We gave it an A
It’s bridal shower time, and bless her heart, Eliza Danvers has planned every shower game in existence. But J’onn arrives to whisk Kara off to Mars, and from there, we get two stories about two very different fathers. Let’s take the Earth-bound story first.
Over a pre-shower lasagna dinner with Eliza, Maggie explains why she doesn’t have any childhood pictures for the bridal board. When she was 14, she told a girl that she liked her, after which her father packed a suitcase and drove her to her aunt’s house. When she asked what she did, his answer was, “You shamed me.” Her mother removed Maggie’s photos from the family albums, and Maggie hasn’t spoken to them since. Eliza (and the audience) thinks the only shameful thing in that story is her father’s treatment of her.
Getting ready for bed, Maggie tells Alex that her dad was a terrific father until then, and Alex suggests that the shower’s a great excuse to reach out. Maggie’s not sure that “You kicked me out because I’m gay but hey, come to my gay shower” is the right approach and tells Alex to drop it.
But that night, Maggie creeps out of bed and leaves her dad a message inviting him to her gay shower. She hangs up, sees Alex watching her, and half-laughs. “I don’t know why I did that.”
Things are still awkward when Maggie meets her father (Carlos Bernard) at the bus he took rather than asking her to pick him up from the airport. They hug, and Oscar says her mother didn’t come because she doesn’t like to fly. Oooookay.
As they walk to his hotel, Oscar reveals that he follows all of Maggie’s cases. He was particularly impressed that she cracked an 18-year-old cold case, and Maggie tells him she did what he always taught her: Revisited the scene and paid attention to the mundane details. He’s touched that she recalled his advice, and she says, “I remember everything you taught me.”
I’m already high-key emotional here, friends, and it’s only going to get soggier.
At the shower, late-90s Barenaked Ladies is blasting when Oscar shows up and makes nice to Alex. When he sees no photos of Maggie on the bridal board, he takes a worn picture out of his wallet, kisses it, and adds it to the board. High! Key! Emotions!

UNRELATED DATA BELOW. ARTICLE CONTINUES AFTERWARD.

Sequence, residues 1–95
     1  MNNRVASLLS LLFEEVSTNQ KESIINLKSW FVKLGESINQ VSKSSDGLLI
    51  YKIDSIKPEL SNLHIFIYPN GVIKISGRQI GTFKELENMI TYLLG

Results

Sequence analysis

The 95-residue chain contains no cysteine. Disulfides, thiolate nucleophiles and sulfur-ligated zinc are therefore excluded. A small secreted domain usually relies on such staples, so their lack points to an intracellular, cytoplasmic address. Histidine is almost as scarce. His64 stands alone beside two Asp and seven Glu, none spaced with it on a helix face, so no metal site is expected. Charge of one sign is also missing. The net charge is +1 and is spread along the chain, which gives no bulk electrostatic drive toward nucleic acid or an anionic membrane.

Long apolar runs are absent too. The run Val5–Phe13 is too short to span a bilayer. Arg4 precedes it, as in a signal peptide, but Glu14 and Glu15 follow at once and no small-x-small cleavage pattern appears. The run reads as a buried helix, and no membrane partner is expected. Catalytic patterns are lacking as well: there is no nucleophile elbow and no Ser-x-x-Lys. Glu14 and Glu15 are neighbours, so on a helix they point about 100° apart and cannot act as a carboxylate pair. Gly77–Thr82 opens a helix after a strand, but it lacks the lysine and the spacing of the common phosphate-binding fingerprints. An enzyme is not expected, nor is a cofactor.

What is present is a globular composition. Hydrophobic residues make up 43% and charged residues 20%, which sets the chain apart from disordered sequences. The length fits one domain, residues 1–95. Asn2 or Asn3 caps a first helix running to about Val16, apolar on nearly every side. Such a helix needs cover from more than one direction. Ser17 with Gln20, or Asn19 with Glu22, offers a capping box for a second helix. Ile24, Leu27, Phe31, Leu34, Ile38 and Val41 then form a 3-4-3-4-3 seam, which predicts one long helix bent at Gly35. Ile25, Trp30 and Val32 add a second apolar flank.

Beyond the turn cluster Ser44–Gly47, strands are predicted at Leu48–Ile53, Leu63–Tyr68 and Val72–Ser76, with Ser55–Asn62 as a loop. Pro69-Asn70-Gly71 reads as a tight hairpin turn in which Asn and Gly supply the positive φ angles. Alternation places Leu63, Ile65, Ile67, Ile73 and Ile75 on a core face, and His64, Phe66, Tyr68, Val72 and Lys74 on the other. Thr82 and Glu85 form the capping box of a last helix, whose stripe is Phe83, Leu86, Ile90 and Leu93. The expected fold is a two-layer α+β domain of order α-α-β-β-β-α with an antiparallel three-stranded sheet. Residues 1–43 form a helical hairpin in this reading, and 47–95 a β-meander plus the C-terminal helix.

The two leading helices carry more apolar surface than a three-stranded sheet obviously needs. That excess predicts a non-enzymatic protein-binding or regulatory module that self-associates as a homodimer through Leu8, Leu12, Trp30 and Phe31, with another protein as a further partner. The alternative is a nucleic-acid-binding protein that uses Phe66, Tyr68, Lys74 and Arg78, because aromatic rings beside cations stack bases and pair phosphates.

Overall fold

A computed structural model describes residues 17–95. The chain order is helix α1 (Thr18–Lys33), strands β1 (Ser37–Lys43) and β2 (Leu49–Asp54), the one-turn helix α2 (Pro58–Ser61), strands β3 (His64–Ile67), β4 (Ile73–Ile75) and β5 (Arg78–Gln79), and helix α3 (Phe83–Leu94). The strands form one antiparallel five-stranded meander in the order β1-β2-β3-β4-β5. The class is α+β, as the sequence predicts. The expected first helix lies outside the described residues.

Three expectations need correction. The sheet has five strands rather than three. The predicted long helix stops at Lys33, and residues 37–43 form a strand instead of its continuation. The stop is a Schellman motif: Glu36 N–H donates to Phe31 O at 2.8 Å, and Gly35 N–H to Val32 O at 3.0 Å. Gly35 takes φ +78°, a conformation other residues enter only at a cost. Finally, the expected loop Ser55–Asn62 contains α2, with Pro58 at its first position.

And then the engaged couple kisses, and Oscar storms out. When Maggie follows him to ask why, he accuses her of spitting in his face. “For loving somebody?” she asks.
Here comes the backstory: Oscar came to America at 9 and by 11 was working in a factory where the white boys attacked him and called him “wetback.” But he worked hard to win their respect, and those same boys grew up to elect him sheriff. He just wanted his children to be accepted. Maggie argues that the world is different now, and he laughs bitterly. “They’re building a wall to keep us out because, in their minds, we’re nothing but rapists and murderers. The only thing they hate more than a mexicano is a homosexual.” He concludes by telling her that she can live as she pleases, but he won’t stick around to watch it.
Wow. Oscar made some powerful points … until he ABSOLUTELY DID NOT. The struggle to fit in, the desire for your children to be safe, the fear of border walls and immigration quotas — these are real and relevant and painful. But love and support your child, Oscar. You’ve done something inexcusable here, you garbage person.
Maggie tries one more time to talk to him before he leaves, waiting at the bus stop to return his wallet photo. She tells him that the girl in that picture was desperate to earn her father’s love, but he left her at the side of the road, and she’s been waiting for him to come back ever since. Then she thanks him for coming to the shower and giving her the gift of realizing she’s not that scared girl anymore. She’s surrounded by people who value and cherish her, and she doesn’t need anything from him. “I’m already good.”
She bids him farewell, and he’s left holding that faded picture.
As if that weren’t emotionally wrenching enough, Alex thinks this is maybe what Maggie needed in order to get closure and reconsider having kids, but Maggie’s firm that her idea of their life together is kid-less. Alex agrees that Maggie is all she needs. But is she?
Now, grab another Kleenex so we can shift to the father/son feels happening on Mars. (Next page: J’onn has the best spaceship in the galaxy)